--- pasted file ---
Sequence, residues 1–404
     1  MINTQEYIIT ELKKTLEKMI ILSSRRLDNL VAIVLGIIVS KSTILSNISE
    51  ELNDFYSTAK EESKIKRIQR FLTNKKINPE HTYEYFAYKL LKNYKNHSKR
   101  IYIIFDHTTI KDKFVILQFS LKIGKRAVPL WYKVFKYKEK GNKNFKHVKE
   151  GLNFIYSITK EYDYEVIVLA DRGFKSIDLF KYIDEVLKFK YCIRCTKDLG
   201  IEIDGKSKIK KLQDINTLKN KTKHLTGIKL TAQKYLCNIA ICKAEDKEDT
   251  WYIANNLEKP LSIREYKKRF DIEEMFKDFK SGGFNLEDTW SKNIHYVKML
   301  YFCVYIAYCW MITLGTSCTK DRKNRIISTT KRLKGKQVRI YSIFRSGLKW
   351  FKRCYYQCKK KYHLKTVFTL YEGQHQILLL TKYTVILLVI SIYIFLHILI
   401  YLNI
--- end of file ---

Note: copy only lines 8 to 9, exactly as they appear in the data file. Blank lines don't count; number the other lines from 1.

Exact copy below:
   301  YFCVYIAYCW MITLGTSCTK DRKNRIISTT KRLKGKQVRI YSIFRSGLKW
   351  FKRCYYQCKK KYHLKTVFTL YEGQHQILLL TKYTVILLVI SIYIFLHILI